* Sources for statistics about books, the book industry and reading:

http://www.parapublishing.com/sites/para/resources/statistics.cfm

http://www.bookpublishing.com

Written by phwebnet

November 30, 2008 at 9:11 pm

Where is my bailout? Who’s looking out for me?

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I look at all these economic experts and I don’t see anyone who represents me. Where is labor represented? Where are the unions? Where are the folks who can help the underemployed, the self-employed, and the ones who will not get any unemployment benefits? Where are the folks who can advocate for green solutions? Where is the oversight?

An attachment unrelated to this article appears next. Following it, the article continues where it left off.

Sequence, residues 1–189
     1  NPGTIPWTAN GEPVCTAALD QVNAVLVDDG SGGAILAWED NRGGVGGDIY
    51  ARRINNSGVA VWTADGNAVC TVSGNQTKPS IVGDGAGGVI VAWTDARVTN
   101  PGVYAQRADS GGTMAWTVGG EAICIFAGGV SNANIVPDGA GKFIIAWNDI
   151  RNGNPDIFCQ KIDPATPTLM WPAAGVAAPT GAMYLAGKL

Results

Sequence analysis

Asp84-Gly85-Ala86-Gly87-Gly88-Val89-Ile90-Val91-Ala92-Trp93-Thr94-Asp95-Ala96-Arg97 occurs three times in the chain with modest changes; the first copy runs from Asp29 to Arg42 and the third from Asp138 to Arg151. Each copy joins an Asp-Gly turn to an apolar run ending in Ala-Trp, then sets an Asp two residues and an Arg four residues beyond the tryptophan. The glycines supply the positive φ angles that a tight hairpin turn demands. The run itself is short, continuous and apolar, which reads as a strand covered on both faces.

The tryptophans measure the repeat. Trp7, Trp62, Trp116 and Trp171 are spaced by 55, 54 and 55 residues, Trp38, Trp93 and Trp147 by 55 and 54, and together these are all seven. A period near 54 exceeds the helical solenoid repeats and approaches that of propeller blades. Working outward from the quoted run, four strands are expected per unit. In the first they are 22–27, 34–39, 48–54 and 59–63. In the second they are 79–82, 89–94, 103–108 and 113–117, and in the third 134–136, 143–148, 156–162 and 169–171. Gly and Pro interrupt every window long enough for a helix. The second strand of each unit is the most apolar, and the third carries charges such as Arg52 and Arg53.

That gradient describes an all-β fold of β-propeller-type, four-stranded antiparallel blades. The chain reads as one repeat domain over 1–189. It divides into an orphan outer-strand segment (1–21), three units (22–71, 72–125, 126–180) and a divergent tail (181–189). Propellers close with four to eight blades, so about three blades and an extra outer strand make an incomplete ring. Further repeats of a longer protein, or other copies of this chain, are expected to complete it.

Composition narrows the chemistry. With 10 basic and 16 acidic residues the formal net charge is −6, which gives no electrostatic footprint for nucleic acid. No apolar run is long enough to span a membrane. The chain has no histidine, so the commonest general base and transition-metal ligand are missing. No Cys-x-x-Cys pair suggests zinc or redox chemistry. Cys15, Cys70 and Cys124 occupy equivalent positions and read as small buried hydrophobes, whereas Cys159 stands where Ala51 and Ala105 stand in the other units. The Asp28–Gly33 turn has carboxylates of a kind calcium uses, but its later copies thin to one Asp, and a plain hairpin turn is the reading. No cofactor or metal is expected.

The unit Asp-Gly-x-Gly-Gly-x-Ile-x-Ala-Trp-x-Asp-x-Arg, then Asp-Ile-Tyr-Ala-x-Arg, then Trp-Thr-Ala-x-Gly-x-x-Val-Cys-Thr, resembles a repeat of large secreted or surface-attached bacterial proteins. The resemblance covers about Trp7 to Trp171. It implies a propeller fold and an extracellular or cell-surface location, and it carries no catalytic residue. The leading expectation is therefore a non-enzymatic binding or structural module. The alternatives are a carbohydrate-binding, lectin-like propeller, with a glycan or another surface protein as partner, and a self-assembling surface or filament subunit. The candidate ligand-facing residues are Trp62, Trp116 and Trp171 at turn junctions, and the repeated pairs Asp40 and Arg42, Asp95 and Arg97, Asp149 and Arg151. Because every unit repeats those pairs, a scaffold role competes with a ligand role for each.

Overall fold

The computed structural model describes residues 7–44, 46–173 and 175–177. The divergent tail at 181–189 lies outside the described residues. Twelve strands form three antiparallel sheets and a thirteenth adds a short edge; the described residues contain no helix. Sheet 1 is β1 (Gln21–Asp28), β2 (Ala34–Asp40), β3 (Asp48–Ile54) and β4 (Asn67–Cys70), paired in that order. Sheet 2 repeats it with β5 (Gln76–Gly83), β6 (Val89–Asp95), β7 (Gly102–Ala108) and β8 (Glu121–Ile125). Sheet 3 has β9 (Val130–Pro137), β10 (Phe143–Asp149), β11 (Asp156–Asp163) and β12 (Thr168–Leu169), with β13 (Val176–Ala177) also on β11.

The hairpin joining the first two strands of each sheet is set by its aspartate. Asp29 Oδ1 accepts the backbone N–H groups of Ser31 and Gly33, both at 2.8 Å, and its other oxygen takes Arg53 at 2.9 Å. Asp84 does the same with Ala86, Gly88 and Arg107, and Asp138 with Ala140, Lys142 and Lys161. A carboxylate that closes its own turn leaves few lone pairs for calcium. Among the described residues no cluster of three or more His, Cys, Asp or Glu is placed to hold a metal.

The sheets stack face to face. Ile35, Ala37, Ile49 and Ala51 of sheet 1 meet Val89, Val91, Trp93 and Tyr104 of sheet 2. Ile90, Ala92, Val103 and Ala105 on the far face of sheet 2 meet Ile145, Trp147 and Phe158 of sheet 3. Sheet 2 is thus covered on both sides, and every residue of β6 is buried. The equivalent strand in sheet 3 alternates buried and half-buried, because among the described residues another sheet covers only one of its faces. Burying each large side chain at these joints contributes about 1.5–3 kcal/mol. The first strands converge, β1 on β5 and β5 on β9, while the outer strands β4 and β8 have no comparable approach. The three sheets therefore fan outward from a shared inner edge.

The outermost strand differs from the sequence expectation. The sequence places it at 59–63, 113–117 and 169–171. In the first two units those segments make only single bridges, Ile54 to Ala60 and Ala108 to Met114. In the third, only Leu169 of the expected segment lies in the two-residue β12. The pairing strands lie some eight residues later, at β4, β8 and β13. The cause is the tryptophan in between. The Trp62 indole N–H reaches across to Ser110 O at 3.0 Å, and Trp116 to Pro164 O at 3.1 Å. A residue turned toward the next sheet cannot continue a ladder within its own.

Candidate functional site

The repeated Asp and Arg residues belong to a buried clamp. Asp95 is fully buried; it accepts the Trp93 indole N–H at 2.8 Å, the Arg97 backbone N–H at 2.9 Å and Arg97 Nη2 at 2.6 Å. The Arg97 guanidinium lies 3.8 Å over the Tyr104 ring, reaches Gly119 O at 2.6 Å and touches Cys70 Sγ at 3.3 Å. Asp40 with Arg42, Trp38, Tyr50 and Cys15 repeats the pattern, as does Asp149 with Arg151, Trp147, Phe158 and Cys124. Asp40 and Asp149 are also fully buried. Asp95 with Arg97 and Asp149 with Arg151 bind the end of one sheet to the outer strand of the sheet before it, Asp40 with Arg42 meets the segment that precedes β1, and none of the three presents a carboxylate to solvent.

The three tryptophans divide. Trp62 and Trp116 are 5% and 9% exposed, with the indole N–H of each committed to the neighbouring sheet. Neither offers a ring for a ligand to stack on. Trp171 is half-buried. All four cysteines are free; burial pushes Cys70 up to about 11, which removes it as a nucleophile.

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Thanks for leaving us alone to vote

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We owe the world a big thank you. They left us alone to vote. There were no attacks on American soil, and as far as I know, there were no attacks on embassies or consulates. The world watched, but didn’t interfere. Thank you — all of you.

I had wondered if we would need UN poll watchers. I had been holding my breath that AlQaeda would attack or do something to push us in one direction or another. I had heard rumors that we might have troops in our streets to keep the peace. I was afraid someone somewhere would do something to draw our attention from our own election. And they did not.

Thank you. I hope we can return the favor.

Written by phwebnet

November 6, 2008 at 6:16 pm